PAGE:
Dignity restored

State women’s prison confronted by ACLU, changes policy on strip searches




As a result of pressure from the American Civil Liberties Union (ACLU) and the ACLU of Colorado, female inmates in Colorado’s prisons will no longer be subjected to an invasive strip search procedure that many inmates found humiliating, overly invasive and even traumatic.


Boulder Weekly reported on the issue in July after receiving 10 hand-written letters from inmates expressing distress and outrage over the procedure, which required them to strip, part their labia and draw back their clitoral hoods while standing with one foot on a bench or chair or sitting back in a chair with their legs spread (“Stripped of dignity,” July 15). Inmates were required to hold this pose while guards examined their genitals at close range with a flashlight to make sure they weren’t hiding contraband.

Inmates can be strip-searched at any time, but strip searches are mandatory under certain circumstances — upon initial arrival at the prison; any time an inmate has been outside the prison; after contact visits with family, even children; and after working in a location inside the prison that includes items considered to be contraband in an inmate’s cell.

But this procedure, nicknamed the “labia lift” by inmates and put in place at Denver Women’s Correctional Facility (DWCF) by the Colorado Department of Corrections (DOC) last January, was so extreme that it was “essentially unheard of,” according to David Shapiro, a staff attorney with ACLU’s National Prison Project in Washington.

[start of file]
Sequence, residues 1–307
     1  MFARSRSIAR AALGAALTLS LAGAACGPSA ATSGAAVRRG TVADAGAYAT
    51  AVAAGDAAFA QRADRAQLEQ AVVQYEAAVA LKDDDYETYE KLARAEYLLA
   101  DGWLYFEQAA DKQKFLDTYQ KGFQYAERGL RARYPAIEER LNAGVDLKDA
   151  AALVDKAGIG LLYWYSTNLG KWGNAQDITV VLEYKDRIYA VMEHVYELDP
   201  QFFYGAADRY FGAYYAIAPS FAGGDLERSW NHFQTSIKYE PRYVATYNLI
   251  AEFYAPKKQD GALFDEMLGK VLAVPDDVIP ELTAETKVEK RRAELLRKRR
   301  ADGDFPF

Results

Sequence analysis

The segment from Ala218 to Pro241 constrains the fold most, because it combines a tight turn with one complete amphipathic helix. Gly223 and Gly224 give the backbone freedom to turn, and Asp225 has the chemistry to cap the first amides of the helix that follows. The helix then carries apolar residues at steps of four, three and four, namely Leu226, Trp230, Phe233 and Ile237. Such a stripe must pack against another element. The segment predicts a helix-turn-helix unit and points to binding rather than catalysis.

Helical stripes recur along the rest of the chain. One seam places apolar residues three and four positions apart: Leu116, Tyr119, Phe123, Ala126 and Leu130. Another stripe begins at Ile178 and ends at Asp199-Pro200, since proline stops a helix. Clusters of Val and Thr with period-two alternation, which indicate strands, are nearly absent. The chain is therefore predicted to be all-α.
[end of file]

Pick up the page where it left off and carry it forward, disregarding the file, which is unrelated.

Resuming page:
Shapiro says he first read about the practice in Boulder Weekly, and the ACLU then moved quickly to end it, contacting DOC directly and putting out an online call to action asking the public to voice its outrage via e-mails to DOC.

ACLU sent a letter on Aug. 24 to Ari Zavaras, director of DOC, charging that the searches were conducted even when guards had no reason to suspect an inmate was concealing contraband and raised “grave concerns” under the Fourth and Eighth Amendments to the U.S. Constitution.

“Generally, the Eighth Amendment ban on cruel and unusual punishment says that you can’t inflict unnecessary pain for pain’s sake,” Shapiro says. “In legal terms, there can’t be an infliction of unnecessary and wanton suffering. There are [court] cases that hold that certain types of strip searches can be unnecessary and wanton.”

For example, courts have ruled that having male guards pat down female inmates can violate an inmate’s constitutional rights. Although courts have upheld some kinds of strip searches, they might be inclined to find against a policy as extreme as the “labia lift,” he says.

“It’s not a policy that is necessary for security or really serves any sort of security function,” Shapiro says. “There are other forms of strip search that are not nearly as invasive, but are just as effective. The Colorado policy was also an outlier among state departments of corrections. It was essentially unheard of. All of that combined to make it very clear that this was really a policy that was inflicting a lot of pain on prisoners and just wasn’t necessary.”

An estimated 80 percent of female inmates have experienced sexual violence. The single biggest indicator of future criminal behavior among women is childhood sexual abuse. Inmates with a past that includes sexual violence felt deeply traumatized by being forced to endure the “labia lift” search.

“These searches had a devastating impact on prisoners and threatened to undermine rehabilitation,” Shapiro says.

In letters to Boulder Weekly, some inmates described having panic attacks or feelings of extreme violation. One refused to strip and was threatened with pepper spray by a guard. Others curtailed visits from family and gave up other activities out of fear of being strip-searched.

The new procedure outlined by DOC Sept. 24 requires inmates to bend over, squat and cough, a policy in line with jails and departments of corrections across the U.S. Shapiro says he has received written confirmation from an inmate that the invasive searches have been eliminated. The ACLU plans to stay in contact with DOC and inmates about the issue.

Respond: letters@boulderweekly.com